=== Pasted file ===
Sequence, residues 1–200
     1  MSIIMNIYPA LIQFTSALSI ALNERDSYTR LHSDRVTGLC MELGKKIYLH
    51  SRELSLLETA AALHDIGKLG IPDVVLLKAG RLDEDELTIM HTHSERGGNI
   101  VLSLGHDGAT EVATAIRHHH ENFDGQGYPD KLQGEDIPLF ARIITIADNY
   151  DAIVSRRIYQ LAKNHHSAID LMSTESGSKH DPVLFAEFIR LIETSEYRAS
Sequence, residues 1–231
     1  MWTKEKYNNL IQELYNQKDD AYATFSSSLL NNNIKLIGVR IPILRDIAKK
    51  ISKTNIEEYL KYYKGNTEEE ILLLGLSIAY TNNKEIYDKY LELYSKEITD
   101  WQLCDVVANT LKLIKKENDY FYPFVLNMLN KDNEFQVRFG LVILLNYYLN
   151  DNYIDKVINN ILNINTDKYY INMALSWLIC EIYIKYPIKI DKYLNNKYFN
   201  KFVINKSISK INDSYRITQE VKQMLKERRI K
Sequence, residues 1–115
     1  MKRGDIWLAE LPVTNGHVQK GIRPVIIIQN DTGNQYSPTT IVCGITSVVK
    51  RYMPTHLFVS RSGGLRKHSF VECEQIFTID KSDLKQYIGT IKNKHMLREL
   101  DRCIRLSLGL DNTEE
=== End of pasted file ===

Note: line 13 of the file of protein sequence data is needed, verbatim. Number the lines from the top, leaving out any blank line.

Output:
     1  MKRGDIWLAE LPVTNGHVQK GIRPVIIIQN DTGNQYSPTT IVCGITSVVK